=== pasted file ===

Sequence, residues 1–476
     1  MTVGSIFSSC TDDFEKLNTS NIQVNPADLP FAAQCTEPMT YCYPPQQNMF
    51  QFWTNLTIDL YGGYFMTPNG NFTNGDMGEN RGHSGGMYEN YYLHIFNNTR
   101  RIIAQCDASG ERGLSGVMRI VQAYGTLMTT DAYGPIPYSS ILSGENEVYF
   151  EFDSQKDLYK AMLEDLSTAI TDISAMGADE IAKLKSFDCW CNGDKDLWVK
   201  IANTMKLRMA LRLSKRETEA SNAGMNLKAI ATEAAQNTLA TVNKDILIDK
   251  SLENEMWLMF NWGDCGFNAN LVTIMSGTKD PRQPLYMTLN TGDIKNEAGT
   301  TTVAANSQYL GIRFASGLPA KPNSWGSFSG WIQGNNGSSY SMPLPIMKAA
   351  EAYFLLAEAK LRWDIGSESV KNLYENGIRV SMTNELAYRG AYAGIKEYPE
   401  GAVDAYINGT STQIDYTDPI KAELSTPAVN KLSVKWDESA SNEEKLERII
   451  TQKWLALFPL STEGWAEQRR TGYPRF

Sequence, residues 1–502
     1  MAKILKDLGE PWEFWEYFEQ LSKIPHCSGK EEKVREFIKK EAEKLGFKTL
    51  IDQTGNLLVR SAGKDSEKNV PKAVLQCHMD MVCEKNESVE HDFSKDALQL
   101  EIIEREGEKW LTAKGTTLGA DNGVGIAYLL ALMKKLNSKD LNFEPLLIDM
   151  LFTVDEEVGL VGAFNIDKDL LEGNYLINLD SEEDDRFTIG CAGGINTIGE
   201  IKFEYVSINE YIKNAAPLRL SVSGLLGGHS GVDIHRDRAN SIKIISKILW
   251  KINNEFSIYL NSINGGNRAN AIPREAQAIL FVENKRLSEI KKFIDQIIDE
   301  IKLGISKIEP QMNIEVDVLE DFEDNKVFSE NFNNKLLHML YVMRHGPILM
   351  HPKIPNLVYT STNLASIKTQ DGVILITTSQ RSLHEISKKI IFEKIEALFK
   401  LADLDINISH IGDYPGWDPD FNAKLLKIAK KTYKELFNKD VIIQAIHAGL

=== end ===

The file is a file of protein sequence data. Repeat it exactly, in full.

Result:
Sequence, residues 1–476
     1  MTVGSIFSSC TDDFEKLNTS NIQVNPADLP FAAQCTEPMT YCYPPQQNMF
    51  QFWTNLTIDL YGGYFMTPNG NFTNGDMGEN RGHSGGMYEN YYLHIFNNTR
   101  RIIAQCDASG ERGLSGVMRI VQAYGTLMTT DAYGPIPYSS ILSGENEVYF
   151  EFDSQKDLYK AMLEDLSTAI TDISAMGADE IAKLKSFDCW CNGDKDLWVK
   201  IANTMKLRMA LRLSKRETEA SNAGMNLKAI ATEAAQNTLA TVNKDILIDK
   251  SLENEMWLMF NWGDCGFNAN LVTIMSGTKD PRQPLYMTLN TGDIKNEAGT
   301  TTVAANSQYL GIRFASGLPA KPNSWGSFSG WIQGNNGSSY SMPLPIMKAA
   351  EAYFLLAEAK LRWDIGSESV KNLYENGIRV SMTNELAYRG AYAGIKEYPE
   401  GAVDAYINGT STQIDYTDPI KAELSTPAVN KLSVKWDESA SNEEKLERII
   451  TQKWLALFPL STEGWAEQRR TGYPRF

Sequence, residues 1–502
     1  MAKILKDLGE PWEFWEYFEQ LSKIPHCSGK EEKVREFIKK EAEKLGFKTL
    51  IDQTGNLLVR SAGKDSEKNV PKAVLQCHMD MVCEKNESVE HDFSKDALQL
   101  EIIEREGEKW LTAKGTTLGA DNGVGIAYLL ALMKKLNSKD LNFEPLLIDM
   151  LFTVDEEVGL VGAFNIDKDL LEGNYLINLD SEEDDRFTIG CAGGINTIGE
   201  IKFEYVSINE YIKNAAPLRL SVSGLLGGHS GVDIHRDRAN SIKIISKILW
   251  KINNEFSIYL NSINGGNRAN AIPREAQAIL FVENKRLSEI KKFIDQIIDE
   301  IKLGISKIEP QMNIEVDVLE DFEDNKVFSE NFNNKLLHML YVMRHGPILM
   351  HPKIPNLVYT STNLASIKTQ DGVILITTSQ RSLHEISKKI IFEKIEALFK
   401  LADLDINISH IGDYPGWDPD FNAKLLKIAK KTYKELFNKD VIIQAIHAGL